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Electrolyte abnormalities in preterm neonates receiving electrolyte-free versus standard parenteral nutrition solutions: a two-centre retrospective study

Presented at the Neonatal Society 2017 Autumn Meeting.

Lee KY1, Mulla S2, Mardare R1, Hoodbhoy S1, Paul P2

1 Rosie Maternity Unit, Cambridge University Hospitals NHS Foundation Trust, Cambridge, UK
2 Neonatal Unit, Norfolk and Norwich University Hospitals NHS Foundation Trust, Norwich, UK

Background: There is current debate as to whether “electrolyte-free” parenteral nutrition (PN) solutions should be used for preterm infants during the first days of PN provision. Electrolyte-free PN does not contain Na+, K+, Cl, Ca2+, PO4, or Mg2+ and is preferred by some to restrict early Na+ intakes during the postnatal transitional period of extracellular fluid contraction and physiological weight loss. Yet sufficient early electrolyte supplementation is needed for adequate protein accretion when delivering higher amounts of amino acids[1]. In the East of England region some centres routinely use electrolyte-free PN while others use electrolyte-supplemented PN from birth. We compared the incidence of electrolyte disturbances of Na+, K+, Ca2+ and PO4 in preterm infants according to whether they received electrolyte-free PN or standard (electrolyte-supplemented) PN. Our hypothesis was that there would be no difference in incidences of hypernatraemia or hyperkalaemia during the first postnatal week.

Methods: Retrospective cohort study done at two UK tertiary-level neonatal units. Centre 1 routinely uses electrolyte-free PN in the first 48-72h after birth, while centre 2 routinely uses standard PN. We included preterm neonates <36 weeks’ gestational age who started on PN within 24 hours of birth within two discrete 6-month epochs. Outcome measures were first-week peak and nadir serum Na+, K+, Ca2+, and PO4 concentrations; and proportions with hypernatraemia (Na+ >150 mmol/L), hyponatraemia (Na+ <130 mmol/L), hyperkalaemia (K+>7.0 mmol/L), hypokalaemia (K+ <3.5 mmol/L), hypercalcaemia (Ca2+ >3.0 mmol/L), and hypophosphatemia (PO4 <1.5 mmol/L).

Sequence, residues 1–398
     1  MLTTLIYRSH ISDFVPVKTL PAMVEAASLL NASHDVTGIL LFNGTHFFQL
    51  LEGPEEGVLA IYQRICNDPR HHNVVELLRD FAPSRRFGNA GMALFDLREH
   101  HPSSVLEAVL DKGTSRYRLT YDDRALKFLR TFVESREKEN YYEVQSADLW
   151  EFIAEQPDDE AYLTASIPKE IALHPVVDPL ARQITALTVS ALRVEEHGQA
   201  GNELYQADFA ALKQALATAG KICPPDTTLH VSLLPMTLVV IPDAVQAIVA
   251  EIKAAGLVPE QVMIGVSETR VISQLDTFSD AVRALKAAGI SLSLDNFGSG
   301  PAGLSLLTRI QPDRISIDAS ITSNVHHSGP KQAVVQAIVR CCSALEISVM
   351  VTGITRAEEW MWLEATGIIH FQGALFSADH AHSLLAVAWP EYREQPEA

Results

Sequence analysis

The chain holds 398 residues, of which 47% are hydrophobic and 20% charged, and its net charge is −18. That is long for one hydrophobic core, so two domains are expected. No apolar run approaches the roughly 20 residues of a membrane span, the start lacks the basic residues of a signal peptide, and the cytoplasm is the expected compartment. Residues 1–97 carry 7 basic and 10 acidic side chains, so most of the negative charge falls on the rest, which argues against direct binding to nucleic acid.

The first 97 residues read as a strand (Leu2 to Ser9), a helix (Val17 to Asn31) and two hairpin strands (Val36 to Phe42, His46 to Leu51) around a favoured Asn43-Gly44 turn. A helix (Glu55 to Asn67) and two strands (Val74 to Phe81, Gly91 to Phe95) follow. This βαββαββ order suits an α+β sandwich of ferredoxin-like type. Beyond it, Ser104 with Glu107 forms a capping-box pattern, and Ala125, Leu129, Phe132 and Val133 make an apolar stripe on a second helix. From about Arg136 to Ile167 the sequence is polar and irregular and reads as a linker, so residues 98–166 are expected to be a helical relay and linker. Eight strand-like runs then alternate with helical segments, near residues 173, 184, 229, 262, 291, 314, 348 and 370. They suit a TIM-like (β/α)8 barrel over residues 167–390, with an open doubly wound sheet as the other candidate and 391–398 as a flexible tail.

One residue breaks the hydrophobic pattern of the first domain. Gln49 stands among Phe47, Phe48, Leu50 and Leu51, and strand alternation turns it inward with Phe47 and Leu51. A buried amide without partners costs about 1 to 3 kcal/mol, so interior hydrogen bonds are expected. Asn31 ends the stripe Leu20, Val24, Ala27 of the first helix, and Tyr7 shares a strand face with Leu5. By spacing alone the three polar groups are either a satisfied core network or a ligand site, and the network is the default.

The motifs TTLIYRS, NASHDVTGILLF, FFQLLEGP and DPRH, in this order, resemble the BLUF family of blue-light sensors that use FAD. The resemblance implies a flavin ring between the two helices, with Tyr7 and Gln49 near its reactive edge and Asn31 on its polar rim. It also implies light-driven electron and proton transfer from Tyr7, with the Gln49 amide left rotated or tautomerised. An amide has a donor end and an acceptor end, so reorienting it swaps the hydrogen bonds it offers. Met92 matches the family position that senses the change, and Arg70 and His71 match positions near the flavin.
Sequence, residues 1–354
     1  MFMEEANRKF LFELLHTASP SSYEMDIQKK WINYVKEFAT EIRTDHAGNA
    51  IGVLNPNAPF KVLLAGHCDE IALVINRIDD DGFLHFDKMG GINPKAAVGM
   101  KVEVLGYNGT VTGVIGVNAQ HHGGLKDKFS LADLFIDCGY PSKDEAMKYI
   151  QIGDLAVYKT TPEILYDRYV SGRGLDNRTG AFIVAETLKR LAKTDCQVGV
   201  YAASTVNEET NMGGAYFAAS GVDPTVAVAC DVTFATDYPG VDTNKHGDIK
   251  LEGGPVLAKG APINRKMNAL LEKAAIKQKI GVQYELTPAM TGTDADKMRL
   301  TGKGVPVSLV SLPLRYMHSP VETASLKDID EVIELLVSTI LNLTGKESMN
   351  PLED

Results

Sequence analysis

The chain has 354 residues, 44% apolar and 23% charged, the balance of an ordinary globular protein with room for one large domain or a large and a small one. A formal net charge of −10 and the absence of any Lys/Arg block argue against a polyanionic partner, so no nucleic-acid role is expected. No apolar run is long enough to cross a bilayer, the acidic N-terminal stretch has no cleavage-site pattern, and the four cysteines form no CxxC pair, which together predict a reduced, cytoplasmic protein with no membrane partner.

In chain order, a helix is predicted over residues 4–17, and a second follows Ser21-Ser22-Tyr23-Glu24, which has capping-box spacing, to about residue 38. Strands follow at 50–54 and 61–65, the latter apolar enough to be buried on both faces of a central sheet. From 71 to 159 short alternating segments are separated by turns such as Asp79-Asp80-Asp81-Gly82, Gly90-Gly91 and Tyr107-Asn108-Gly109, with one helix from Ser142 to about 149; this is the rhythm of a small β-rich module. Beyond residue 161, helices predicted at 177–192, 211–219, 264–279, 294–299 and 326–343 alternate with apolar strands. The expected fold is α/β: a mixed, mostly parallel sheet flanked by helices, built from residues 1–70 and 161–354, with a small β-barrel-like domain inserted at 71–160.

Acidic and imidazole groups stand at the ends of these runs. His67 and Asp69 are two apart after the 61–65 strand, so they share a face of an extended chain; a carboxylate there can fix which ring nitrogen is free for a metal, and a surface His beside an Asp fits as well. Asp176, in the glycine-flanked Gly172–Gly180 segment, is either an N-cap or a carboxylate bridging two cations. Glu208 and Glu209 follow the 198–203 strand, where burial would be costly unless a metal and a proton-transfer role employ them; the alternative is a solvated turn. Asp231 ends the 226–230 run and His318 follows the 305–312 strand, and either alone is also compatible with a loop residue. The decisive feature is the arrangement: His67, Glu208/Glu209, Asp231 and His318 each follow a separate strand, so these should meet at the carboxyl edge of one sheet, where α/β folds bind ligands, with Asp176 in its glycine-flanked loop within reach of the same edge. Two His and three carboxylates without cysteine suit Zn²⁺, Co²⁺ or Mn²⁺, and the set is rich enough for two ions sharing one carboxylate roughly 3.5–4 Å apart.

Results: A total of 81 patients (n=43 centre 1; n=38 centre 2) were included. Median (IQR) gestational age was 27.1 (25.7-29.2) weeks and mean (SD) birth weight was 986 (321) g, with no significant demographic differences between centres. More babies who received electrolyte-free PN in the first week (centre 1) had hyperkalaemia (12% vs 0%, p=0.03), hyponatraemia (28% vs 3%, p=0.001), hypokalaemia, (77% vs 40%, p=0.001), and hypophosphataemia (81% vs 37%, p=0.002) compared with standard PN babies (centre 2). Nadir Na+, K+, and PO4 concentrations were also significantly lower in babies who received electrolyte-free PN. Comparative rates of hypernatraemia (16% vs 34%, p=0.06), hypercalcaemia (18% vs 21%, p=0.8), and median peak Na+ (147 mmol/L vs 148 mmol/L, p=0.6) and Ca2+ (2.9 mmol/L vs 2.8 mmol/L, p=0.3) concentrations were similar.

Conclusion: Use of electrolyte-free PN within the first 2-3 days after birth was not associated with significantly lower rates of first-week hypernatraemia, but was instead associated with higher rates of hyponatraemia, hyperkalaemia, hypokalaemia and hypophosphataemia. Routine use of electrolyte-free PN solutions may not be optimal for preterm neonates in the first week. A formal randomised controlled trial is now indicated to address the issue.

Corresponding author: kyl@doctors.org.uk

1. Moltu SJ, et al. Clin Nutr 2013;32:207–12

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